My friend had access to privileged, and valuable, information. This automatically led him to over-weigh the value of the information in his possession.
In his essay, Mr. Munger talked about excessive self-regard tendency leading to what he called as the “endowment effect”. Man has an automatic tendency to over-weigh something in his possession. That includes himself, his family members and friends, and his material possessions. If you suffer from this tendency, then if you own something, you’ll value it more highly than you would have, if you did not own it. If asked to sell it, you’d tend to ask for a substantially higher price than its true worth. This tendency makes someone, who has bought a stock, even more bullish about it than before, immediately after he bought it.
My friend suffered from the endowment effect. Not only the information was valuable because it was scarce, the endowment effect made it even more valuable to him immediately after he possessed it. And that, of course, led to over-optimism which led him to bet everything he had (and more through borrowed money) on one stock.
There is one more tendency which contributed towards my friend’s gamble. This is the availability-misweighing tendency. To quote Mr. Munger:
“Man’s imperfect, limited-capacity brain easily drifts into working with what’s easily available to it. And the brain can’t use what it can’t remember or when it’s blocked from recognizing because it is heavily influenced by one or more psychological tendencies bearing strongly on it. . .”
In my poor friend’s situation, the tendency to overweigh scarcity and excessive self-regard tendency combined to produce over-optimism tendency, and the combined power of these three tendencies made him totally blind as to the possibility of some event that could make his excessive investment in the company, wrong.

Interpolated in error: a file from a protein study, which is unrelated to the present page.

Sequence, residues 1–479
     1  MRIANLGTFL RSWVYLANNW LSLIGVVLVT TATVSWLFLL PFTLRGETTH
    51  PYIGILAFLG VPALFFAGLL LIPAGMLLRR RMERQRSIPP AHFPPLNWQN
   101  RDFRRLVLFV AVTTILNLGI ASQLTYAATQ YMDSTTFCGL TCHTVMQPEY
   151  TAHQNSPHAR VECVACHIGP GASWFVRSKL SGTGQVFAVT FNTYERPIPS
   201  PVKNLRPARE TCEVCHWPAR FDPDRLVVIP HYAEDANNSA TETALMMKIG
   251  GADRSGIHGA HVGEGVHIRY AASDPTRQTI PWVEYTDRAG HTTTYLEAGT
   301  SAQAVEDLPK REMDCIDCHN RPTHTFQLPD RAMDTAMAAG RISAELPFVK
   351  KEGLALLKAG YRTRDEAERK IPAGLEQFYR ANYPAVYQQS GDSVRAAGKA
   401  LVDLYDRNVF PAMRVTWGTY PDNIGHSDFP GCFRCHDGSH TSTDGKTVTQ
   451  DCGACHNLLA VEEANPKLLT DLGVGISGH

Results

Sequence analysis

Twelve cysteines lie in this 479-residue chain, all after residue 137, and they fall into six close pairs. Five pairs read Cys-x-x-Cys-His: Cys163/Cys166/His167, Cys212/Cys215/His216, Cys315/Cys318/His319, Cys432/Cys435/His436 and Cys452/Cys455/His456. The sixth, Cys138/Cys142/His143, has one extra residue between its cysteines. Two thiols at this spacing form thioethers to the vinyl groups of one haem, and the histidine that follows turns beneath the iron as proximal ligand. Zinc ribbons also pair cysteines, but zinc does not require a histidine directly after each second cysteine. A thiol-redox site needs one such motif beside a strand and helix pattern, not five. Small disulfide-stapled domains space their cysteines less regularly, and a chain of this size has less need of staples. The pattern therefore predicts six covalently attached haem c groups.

The availability heuristic is the source of one of the most common biases we all suffer from– the availability bias. As Tversky and Kahneman explained in 1973, we assess the frequency, probability, or likely causes of an event by the degree to which instances or occurrences of that event are readily “available” in memory.
And, of course, if something is not available in our memory, we simply cannot assign a weight to it so we leave it out of our decision-making process, leading us to make bad judgment calls, like in my friend’s case.
My friend forgot to ask the simple question: “Despite my possession of this wonderful, and scarce, information, are there factors that could possibly make my decision a bad one?” He did not seek evidence that disconfirmed his much-loved notion. And that, in my view, destroyed him.
If he has asked this simple question, he would have come to the correct conclusion that Mr. Munger gave in his essay: “An idea or a fact is not worth more merely because it’s more available to you.”
So, that’s how these four psychological tendencies combined together and impaired the cognition of my friend, thereby ensuring that he lives miserably ever after. . .